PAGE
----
If one of the circuit breakers in your panel keeps tripping, you're probably overloading the circuit, but what does that mean? The answer involves a little math, but don't worry if you have an aversion to that subject because the math is simple. It's based on the definition of electrical power, which is measured in watts, the unit the electric company uses to calculate your electrical bill.

Electrical power (P) circulating through an electrical circuit is the product of the current (I) and the voltage (V);

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P = I x V.

Household circuits operate either at 120 or 240 volts (more or less), and most lights and household appliances are on 120-volt circuits, so there's one number for the equation already. Using it, you can calculate the load on a circuit either in units of power (watts) or current (amps), but since circuit breaker ratings are listed in amps, it's usually best to calculate load in terms of current.

## Electrical Load of a Single Appliance

When you plug in an appliance, the appliance motor, heating element or LED display connects to an electrical circuit that passes through a circuit breaker in the panel, and the appliance draws enough current from that circuit to make it work. The amount of current the appliance needs is the load it places on the circuit.

An appliance label doesn't always tell you the current draw; most of the time it tells you the power draw in watts. This is true of most appliances and light bulbs. To get a number that you can compare to the current rating of the breaker, you have to use the definition of power: P = IV, and here's where the math comes in. If you want to know the current, you have to rearrange the equation to read I = P/V so you can calculate I.

Suppose the label on a heater says it draws 1,500 watts. It's plugged into a standard receptacle, so the voltage is 120 volts. That means the electrical load it places on the circuit is 1500/120 = 12.5 amps of current.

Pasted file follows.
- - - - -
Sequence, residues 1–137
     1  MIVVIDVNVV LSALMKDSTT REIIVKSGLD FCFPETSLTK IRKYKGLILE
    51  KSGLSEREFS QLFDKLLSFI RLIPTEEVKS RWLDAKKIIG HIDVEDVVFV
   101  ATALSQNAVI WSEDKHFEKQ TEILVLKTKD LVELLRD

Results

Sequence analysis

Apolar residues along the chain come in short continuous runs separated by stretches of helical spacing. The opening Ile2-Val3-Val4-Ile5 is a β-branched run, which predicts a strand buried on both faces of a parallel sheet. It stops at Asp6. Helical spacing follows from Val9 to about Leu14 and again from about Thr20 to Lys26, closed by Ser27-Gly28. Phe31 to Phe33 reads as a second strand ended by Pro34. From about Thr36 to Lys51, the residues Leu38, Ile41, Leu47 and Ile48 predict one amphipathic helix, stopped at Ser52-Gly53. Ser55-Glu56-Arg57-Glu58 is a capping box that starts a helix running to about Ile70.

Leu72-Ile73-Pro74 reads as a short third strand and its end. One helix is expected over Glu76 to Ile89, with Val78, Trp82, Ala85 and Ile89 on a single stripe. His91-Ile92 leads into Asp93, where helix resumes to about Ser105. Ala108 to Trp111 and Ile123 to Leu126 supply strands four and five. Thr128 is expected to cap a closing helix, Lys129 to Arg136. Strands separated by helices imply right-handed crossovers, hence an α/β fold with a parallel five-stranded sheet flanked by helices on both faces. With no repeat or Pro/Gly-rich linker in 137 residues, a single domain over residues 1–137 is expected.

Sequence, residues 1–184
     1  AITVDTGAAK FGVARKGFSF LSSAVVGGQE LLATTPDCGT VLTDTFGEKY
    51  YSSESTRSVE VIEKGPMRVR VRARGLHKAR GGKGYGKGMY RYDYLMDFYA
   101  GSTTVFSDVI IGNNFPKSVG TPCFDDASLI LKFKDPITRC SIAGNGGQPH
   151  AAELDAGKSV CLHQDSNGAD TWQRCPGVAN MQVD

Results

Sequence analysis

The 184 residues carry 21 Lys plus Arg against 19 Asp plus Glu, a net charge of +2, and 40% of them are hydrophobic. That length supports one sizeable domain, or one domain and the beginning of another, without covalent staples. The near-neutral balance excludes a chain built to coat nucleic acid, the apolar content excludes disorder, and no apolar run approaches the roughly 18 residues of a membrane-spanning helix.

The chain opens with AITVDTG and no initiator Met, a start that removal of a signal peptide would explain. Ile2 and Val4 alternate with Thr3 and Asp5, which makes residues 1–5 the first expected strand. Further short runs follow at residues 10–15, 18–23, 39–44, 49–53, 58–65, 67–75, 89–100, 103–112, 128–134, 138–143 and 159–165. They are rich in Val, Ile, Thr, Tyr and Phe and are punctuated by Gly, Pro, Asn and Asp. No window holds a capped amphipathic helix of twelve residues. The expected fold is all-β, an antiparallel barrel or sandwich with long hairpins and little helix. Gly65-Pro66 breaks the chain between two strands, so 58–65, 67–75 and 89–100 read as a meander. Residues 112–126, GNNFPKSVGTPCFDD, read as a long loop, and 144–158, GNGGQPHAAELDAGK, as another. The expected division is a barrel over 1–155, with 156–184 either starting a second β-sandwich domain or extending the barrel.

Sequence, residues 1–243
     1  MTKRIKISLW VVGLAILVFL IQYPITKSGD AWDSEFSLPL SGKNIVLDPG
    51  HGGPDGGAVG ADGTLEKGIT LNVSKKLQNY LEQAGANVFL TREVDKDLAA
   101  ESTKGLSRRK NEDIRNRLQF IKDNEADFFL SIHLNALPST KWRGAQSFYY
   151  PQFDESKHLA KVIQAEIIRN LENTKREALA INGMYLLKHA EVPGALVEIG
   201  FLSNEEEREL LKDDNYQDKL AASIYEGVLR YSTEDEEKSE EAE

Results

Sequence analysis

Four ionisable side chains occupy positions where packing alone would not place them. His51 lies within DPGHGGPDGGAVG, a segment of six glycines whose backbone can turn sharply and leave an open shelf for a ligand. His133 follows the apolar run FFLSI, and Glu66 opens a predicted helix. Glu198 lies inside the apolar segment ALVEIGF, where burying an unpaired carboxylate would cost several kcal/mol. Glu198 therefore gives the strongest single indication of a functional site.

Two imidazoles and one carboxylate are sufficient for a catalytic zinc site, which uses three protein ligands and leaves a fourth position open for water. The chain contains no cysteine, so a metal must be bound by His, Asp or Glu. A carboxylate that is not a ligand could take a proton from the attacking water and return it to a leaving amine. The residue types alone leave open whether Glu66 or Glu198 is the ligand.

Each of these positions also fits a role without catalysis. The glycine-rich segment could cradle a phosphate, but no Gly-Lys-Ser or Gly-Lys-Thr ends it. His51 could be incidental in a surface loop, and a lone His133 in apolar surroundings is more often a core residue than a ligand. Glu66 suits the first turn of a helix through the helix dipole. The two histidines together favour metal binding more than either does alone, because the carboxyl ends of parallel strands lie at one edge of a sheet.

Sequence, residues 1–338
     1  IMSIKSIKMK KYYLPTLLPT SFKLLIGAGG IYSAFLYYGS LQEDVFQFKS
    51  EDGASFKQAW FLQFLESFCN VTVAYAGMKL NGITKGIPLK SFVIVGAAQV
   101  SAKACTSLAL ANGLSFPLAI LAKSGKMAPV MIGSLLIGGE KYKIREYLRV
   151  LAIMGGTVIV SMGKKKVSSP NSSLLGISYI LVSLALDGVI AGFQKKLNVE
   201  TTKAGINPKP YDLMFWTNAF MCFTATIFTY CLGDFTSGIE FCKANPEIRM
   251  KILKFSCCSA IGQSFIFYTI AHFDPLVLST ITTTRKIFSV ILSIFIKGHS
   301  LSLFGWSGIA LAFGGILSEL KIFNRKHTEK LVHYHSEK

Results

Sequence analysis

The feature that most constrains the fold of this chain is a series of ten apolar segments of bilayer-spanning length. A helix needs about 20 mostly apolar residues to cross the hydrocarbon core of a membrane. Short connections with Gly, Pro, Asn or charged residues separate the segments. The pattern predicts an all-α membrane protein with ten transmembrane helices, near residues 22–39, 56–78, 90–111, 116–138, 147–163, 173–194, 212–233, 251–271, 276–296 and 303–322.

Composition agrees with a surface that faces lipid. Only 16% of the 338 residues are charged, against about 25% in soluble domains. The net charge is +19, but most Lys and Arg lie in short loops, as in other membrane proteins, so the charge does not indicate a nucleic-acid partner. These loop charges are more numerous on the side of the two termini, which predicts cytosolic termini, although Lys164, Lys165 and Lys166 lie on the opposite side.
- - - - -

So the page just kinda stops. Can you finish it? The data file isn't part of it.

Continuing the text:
## Calculating Total Circuit Load

To calculate the total electrical load on a circuit, you simply add the loads of all the individual light fixtures and appliances plugged into it that are working at the same time. For example, consider a circuit shared by four light fixtures and two receptacles. All the lights are on, you're operating a 1,500-watt space heater from one of the receptacles and you want to plug a 1,000-watt vacuum into the other one.

If the light fixtures all use 60-watt bulbs, they each draw 0.5 amps of current and taken together create a total load of 2 amps. Add the space heater, and the total electrical load is now 14.5 amps. Now plug in the vacuum, which draws 8.3 amps, and everything goes off the minute you turn it on. What happened? The vacuum added 8.3 amps to the total circuit load, which is now 22.8 amps, and that exceeded the current rating of the circuit breaker, which tripped to prevent a fire.

## Circuit Breaker Overloads

Circuit breakers for 120-volt circuits come with ratings of 10, 15 and 20 amps, which can be expressed as 1,200, 1,800 and 2,400 watts respectively. For safety, the electric code requires that each breaker trips if the current passing through it is 80 percent of its rating, so a 10-amp breaker will trip when the circuit load is 8 amps, a 15-amp breaker load limit is 12 amps and the limit for a 20-amp breaker is 16 amps.

If a breaker trips continually, you need to reduce the electrical load by unplugging appliances or turning off lights. You may be able to replace the breaker with one that has a higher rating, but only if the circuit is wired for it. An electrician can help you make that determination.